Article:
Safety will remain our top priority at DOT. At the same time, I will work to improve the efficiency and performance of our current transportation system while building the infrastructure we need for future generations,’ said Secretary Foxx. ‘In doing so, I look forward to bringing my ‘on the ground’ experiences as a mayor, while embracing the tremendous knowledge, skill and ingenuity of the DOT workforce and our many stakeholders.’
Foxx’s 2009 to 2013 tenure as mayor and his professional background suggest he will continue outgoing DOT Secretary Ray LaHood’s fondness for rail and transit, Alex Goldmark writes for the Associated Press in an article appearing on WNYC.org’s Transportation Nation blog. Foxx helped to launch a streetcar system and a light rail extension for Charlotte, and also began a pilot program for electric vehicle charging stations, Goldmark notes.
The new Secretary of Transportation spent his first full day on the job meeting employees and holding meetings on important issues, including transportation safety and severe weather preparedness. He now leads an agency with more than 55,000 employees and a $70 billion budget overseeing surface, maritime, and air transportation, according to a DOT statement.
An attorney, Foxx spent much time in private practice. He served as a law clerk for Judge Nathaniel Jones (who swore him in as DOT Secretary), as a trial attorney for the Civil Rights Division of the U.S. Department of Justice, and as staff counsel to the U.S. House of Representatives Committee on the Judiciary. President Barack Obama said on April 29, 2013, that he would nominate Foxx to be Secretary of Transportation, and on June 27, the Senate confirmed his nomination in a vote of 100-0.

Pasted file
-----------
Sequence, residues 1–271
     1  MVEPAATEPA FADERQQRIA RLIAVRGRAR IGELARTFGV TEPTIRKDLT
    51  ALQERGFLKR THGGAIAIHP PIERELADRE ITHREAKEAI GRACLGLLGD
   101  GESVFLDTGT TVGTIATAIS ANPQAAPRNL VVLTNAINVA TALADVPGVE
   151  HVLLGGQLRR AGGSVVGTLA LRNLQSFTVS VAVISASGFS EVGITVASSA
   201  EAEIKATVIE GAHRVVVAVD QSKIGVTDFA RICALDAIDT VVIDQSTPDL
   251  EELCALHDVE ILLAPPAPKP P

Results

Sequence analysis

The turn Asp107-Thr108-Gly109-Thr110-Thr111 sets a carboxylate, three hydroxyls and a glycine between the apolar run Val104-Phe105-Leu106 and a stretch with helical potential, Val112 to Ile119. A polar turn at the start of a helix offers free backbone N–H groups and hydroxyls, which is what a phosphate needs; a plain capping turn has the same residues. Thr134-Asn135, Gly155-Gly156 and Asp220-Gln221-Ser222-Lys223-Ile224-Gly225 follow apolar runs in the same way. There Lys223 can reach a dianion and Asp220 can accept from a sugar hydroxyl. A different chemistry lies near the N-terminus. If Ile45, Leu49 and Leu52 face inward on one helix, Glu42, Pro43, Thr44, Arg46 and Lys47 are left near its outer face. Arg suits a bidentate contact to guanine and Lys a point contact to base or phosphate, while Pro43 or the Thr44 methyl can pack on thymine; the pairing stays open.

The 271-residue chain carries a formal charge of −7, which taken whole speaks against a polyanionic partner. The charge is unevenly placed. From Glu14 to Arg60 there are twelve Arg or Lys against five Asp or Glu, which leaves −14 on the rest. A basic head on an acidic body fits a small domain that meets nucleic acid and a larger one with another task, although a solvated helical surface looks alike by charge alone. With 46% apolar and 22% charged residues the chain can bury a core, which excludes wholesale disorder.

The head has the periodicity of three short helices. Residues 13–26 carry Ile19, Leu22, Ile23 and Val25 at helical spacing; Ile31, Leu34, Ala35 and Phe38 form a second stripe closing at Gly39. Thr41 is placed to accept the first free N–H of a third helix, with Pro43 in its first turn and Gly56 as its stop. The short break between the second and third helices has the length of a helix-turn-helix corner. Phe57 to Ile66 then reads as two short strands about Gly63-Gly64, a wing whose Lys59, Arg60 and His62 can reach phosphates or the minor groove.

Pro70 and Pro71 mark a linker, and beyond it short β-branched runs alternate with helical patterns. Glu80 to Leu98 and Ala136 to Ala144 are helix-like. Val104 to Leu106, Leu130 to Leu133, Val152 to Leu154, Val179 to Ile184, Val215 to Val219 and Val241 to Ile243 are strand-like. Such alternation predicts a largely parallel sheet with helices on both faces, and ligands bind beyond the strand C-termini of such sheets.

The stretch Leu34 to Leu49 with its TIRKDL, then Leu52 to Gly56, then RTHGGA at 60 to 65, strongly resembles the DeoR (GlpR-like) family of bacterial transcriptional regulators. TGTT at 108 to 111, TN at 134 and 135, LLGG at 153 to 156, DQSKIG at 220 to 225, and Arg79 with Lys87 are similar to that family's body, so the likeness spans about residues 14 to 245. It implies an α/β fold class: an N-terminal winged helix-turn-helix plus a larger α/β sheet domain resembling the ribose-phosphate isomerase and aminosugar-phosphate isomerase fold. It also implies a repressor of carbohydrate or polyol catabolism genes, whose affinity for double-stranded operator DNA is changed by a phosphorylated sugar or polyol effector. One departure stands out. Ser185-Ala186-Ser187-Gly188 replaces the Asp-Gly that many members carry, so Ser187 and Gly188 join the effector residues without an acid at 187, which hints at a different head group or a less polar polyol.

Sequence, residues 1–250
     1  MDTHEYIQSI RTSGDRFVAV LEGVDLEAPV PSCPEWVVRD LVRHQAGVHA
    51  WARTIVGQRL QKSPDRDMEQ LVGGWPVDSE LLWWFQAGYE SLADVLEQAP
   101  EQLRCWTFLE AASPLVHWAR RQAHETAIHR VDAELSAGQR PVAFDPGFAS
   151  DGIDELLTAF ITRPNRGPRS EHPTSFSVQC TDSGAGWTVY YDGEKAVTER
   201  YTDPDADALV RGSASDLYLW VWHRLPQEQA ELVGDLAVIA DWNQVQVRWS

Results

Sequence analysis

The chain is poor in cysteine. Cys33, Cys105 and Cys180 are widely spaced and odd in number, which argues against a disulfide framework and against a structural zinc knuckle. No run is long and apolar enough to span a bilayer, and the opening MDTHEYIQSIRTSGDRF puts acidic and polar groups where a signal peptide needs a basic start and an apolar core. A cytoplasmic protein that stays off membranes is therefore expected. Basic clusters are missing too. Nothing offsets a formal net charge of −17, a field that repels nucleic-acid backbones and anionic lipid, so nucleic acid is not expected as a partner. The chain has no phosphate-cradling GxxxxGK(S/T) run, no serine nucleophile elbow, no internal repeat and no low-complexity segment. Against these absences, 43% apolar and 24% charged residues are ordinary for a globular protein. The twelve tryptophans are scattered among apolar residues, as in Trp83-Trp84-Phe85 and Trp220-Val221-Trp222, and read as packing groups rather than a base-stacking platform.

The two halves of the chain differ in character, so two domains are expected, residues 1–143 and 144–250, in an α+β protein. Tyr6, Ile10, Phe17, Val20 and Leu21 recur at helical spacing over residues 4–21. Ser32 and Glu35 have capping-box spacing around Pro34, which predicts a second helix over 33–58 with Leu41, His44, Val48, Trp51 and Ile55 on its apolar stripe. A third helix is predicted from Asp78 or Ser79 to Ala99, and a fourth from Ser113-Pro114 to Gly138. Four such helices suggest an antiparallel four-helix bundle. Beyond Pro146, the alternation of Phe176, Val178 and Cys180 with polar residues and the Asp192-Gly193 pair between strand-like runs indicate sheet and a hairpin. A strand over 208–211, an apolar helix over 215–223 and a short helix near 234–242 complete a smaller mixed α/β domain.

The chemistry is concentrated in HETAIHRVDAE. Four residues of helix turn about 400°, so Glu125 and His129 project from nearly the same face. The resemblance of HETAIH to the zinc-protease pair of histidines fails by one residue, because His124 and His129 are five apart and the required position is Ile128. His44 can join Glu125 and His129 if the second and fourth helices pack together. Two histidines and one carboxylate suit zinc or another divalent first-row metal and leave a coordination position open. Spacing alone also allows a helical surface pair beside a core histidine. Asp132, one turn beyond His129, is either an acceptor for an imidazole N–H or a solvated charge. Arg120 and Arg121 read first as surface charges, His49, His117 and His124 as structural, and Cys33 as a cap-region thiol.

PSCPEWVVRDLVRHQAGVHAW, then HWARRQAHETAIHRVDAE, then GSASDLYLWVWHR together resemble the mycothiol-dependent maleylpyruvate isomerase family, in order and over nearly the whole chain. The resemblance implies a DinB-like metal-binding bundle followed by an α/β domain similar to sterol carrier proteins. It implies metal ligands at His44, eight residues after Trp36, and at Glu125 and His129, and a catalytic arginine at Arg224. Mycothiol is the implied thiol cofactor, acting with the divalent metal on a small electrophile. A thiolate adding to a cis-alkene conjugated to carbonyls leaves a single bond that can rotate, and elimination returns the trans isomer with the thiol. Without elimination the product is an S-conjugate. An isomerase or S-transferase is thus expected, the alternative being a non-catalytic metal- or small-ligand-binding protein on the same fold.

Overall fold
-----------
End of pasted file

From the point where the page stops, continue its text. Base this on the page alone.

Outgoing Secretary LaHood was a close partner with Obama on ambitious policies like extending the nation’s high-speed rail network and promoting infrastructure investment, Goldmark writes. LaHood is especially known for championing safety and launching a campaign against distracted driving, distraction.gov.
LaHood told Jon Hilkevitch of the Chicago Tribune what he would do if he were to hold the job for a lot longer:
If I were going to stay in this job for another 3 1/2 years, my goal would be to get Congress to pass a national law on distracted driving. I met with every CEO of every car manufacturer, foreign and domestic, to try and persuade them that this is something they really need to address. We went from 18 states passing laws to 41 states that have passed laws against texting or talking on the phone while driving. There are a lot of heartbreaking stories. Four and a half years ago, nobody was talking about distracted driving. It wasn’t even in the lexicon of anyone.